Researchers watch tomato crops for late blight

Late blight is a potentially destructive disease of tomatoes, potatoes

While many farmers are worried about the drought’s effect on corn this year, University of Wisconsin-Madison researchers said a moisture-loving microorganism could be jeopardizing potato and tomato crops due to late blight.

Researchers said the fungus-like strain has arrived in upper and central parts of the state, and they’re keeping an eye on late blight’s movement in the coming weeks.

Late blight decimated Wisconsin crops in 2009. If undetected, researchers said late blight can do its damage in seven to 10 days by completely defoliating crops.

Documented reports of the strain include areas in northwestern Wisconsin, with it moving eastward, as well as reports in central Wisconsin.

Researchers said it may be too early to tell if it has reached as far south as Dane County.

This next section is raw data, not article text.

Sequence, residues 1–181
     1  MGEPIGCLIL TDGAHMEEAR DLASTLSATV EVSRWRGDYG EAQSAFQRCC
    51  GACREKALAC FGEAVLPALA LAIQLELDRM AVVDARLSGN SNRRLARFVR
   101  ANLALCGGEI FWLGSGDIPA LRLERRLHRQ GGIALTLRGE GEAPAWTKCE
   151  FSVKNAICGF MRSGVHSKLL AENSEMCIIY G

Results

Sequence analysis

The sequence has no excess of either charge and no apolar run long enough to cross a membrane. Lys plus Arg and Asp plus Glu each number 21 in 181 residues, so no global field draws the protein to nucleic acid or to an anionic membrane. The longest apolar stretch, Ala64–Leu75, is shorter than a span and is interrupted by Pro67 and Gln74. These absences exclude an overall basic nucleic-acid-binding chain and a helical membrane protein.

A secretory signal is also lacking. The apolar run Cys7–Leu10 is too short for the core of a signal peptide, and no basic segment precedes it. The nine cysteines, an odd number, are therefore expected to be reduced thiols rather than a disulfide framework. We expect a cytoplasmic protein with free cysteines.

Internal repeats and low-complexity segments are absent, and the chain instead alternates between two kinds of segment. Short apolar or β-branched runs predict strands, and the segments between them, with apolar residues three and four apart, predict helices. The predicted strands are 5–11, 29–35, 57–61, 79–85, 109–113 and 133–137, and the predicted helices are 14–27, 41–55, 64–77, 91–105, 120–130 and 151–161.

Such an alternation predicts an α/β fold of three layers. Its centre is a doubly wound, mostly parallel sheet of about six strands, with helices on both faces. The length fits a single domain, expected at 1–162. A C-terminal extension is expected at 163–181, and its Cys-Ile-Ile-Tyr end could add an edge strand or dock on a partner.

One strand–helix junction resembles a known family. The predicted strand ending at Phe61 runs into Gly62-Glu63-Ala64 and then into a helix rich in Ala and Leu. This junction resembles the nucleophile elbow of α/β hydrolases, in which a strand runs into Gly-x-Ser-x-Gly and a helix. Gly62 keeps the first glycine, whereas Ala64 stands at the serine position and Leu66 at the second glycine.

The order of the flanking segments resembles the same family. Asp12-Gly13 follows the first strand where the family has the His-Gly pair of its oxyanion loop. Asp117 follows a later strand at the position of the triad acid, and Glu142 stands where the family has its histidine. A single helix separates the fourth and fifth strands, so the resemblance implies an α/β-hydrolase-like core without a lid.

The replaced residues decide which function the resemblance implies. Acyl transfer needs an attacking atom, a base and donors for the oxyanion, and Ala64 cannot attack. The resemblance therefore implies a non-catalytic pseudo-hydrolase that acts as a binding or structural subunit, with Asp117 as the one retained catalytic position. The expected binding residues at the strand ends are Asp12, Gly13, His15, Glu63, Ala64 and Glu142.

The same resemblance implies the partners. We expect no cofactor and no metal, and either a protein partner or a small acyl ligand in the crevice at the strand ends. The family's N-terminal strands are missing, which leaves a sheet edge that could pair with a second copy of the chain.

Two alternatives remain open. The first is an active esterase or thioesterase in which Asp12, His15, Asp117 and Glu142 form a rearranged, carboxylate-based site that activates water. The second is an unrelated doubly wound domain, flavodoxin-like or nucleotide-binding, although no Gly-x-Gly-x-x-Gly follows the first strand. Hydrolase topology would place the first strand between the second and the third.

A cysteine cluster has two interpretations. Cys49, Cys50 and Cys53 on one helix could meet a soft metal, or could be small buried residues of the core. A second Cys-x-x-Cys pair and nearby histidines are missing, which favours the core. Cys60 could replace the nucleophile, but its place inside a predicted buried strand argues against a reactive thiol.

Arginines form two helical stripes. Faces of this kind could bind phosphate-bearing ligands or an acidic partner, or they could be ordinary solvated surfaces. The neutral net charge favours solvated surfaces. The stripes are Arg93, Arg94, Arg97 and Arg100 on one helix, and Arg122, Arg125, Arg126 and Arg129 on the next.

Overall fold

“We don’t know that it’s not here yet,” said Amanda Gevens, UW-Madison vegetable pathologist. “Just because we haven’t found it doesn’t mean it’s not here already. We do know 40 miles surrounding an infected field can be a risk zone — those spores can move outward at that radius.”

If late blight is found on small-scale gardens, people are asked to destroy the plants by putting the plants in a black plastic bag, where the heat should kill the pathogen.

Larger operations should cut infected plants at the base, let them dry, or lightly till the plant to help encourage breakdown.

People can get their plants tested for free through the UW Department of Plant Pathology’s Disease Clinic. More information can be found at http://www.plantpath.wisc.edu/wivegdis/